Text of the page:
Storage facilities are expensive in the long run, and they burn down more often than you think.
• February 2, 2015 a Brooklyn based storage facility burned to the ground. 140 local hospitals stored their records at Citistorage as well as the New York state court system. Many law firms stored documents in the building, as did the City Children’s Services Administration. A disaster relief firm was hired to collect stray records which flew across North Brooklyn.
• June 23, 2010 a file storage facility in Albuquerque, New Mexico burned for an entire day destroying 90% of the contents of the building. The fire smoldered off and on until July 3, when it reignited and burned for another full day. Firefighters had to soak all remaining contents to prevent the fire from sparking again. "Of the 200 customers, 170 storing records at the facility were UNM Hospitals related. Many were patient records created before 2005 and all were completely destroyed.
• October 26, 1996 An accidental fire heavily damaged the Brambles Information Management Center in Chicago—220,000 boxes of archival and vital records were destroyed
• March 7th, March 17th, and March 19th 1997 three disastrous fires at the Iron Mountain Record Centers in South Brunswick NJ were started by an arsonist. 200 companies affected, and nearly 1 million boxes of paper records destroyed.
• May 6, 1997- fire destroys the Diversified Records Services Center near Scranton, PA.(ruled 'suspicious' due to other similar fires at similar locations in the area) - Paper documents and microfilm stacked 45 feet high from floor to ceiling inside a steel building the size of a football field, burned to the ground.
• In July 1973, a disastrous fire broke out at the National Personnel Records Center's (NPRC) military records building in Overland, MO. The fire destroyed the building's sixth floor and took firefighters four and half days and millions of gallons of water to fully extinguish. Documents not burned by the fire were soaked by water used in the fire suppression. In the aftermath, most of the water-damaged records underwent an experimental vacuum-drying process. As this (very expensive) method had never been implemented in a record's disaster recovery, many of the records were over-dried, resulting in a higher rate of brittle paper. In terms of loss to the cultural heritage of our nation, the fire was an unparalleled disaster, destroying approximately 16-18 million Official Military Personnel Files (OMPF).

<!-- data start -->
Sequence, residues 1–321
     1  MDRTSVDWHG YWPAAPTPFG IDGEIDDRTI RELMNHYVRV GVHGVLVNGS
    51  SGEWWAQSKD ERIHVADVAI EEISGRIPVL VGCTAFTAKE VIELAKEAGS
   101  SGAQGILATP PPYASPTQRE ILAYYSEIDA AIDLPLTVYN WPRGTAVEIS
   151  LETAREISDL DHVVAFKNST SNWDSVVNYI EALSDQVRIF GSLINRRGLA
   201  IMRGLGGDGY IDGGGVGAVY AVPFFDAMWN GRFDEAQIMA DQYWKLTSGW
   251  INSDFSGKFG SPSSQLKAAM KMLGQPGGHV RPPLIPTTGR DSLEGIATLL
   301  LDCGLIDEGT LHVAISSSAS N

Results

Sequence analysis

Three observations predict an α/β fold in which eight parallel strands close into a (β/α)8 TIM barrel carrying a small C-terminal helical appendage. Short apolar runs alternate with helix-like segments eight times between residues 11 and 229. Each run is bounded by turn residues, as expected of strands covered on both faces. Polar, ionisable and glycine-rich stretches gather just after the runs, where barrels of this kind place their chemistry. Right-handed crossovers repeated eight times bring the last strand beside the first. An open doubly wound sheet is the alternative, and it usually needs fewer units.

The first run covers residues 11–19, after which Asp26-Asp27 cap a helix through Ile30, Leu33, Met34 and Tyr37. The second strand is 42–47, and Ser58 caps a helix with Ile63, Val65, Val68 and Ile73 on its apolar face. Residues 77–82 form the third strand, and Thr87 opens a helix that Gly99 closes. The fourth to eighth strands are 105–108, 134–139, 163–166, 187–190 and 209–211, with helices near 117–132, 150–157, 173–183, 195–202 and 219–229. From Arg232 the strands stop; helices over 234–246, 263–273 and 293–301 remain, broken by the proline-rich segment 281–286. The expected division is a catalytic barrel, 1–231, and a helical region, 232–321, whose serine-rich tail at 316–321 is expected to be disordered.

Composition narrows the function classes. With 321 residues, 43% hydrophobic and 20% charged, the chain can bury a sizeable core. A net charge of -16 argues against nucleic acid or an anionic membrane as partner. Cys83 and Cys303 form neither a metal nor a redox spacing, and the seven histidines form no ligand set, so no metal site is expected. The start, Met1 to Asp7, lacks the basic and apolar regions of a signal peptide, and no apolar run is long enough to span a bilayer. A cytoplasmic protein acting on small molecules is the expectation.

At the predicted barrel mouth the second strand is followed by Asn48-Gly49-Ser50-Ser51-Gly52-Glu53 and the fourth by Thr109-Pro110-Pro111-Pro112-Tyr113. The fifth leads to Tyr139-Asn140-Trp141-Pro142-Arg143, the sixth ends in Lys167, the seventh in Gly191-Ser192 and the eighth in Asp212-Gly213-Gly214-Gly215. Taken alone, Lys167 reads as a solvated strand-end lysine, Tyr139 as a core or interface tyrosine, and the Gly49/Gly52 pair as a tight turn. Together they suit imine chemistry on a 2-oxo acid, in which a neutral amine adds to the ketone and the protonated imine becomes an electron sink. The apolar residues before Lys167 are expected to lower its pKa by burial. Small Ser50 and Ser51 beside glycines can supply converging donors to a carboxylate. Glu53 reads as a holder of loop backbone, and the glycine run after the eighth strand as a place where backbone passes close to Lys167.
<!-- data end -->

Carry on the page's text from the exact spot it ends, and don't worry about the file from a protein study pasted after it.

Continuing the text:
These facilities were all billed as “state of the art”. Unfortunately that usually means cardboard boxes in an open warehouse with a sprinkler system. The sprinkler system is the total protection of the records.
Most storage facility companies will include language in their standard rental agreement, which you would have likely signed, absolving the company of liability for damage caused by fires, floods, or “acts of God” (such as earthquakes, hurricanes, and the like).
Practically speaking, this means that it would be nearly impossible for you to sue the storage company for the monetary value of the items you lose. An exception to this might be if you could somehow prove that the company itself caused the unsafe condition, perhaps through grossly negligent electrical work, maintenance, or construction. However, this would be difficult to establish, and the lawsuit might end up costing more than the value of your belongings. More importantly, did you happen to need that information you stored?
On September 11, 2001, the immense amount of vital records that were incinerated and blowing around the streets immediately after the attack served as a wake- up call. Companies that were totally unaffected (in a business, not personal, sense) by the terrorist attacks were shaken from their false sense of security about the need to evaluate and or implement a vital records program. It doesn't have to be a terrorist attack; it can be a simple case of a disgruntled destructive employee, a fire, flood or other natural disaster.
Kathryn Smith, CDIA+ has been providing document and information management resources since 1990. She is the founder and owner of Advanced Imaging Solutions, Inc.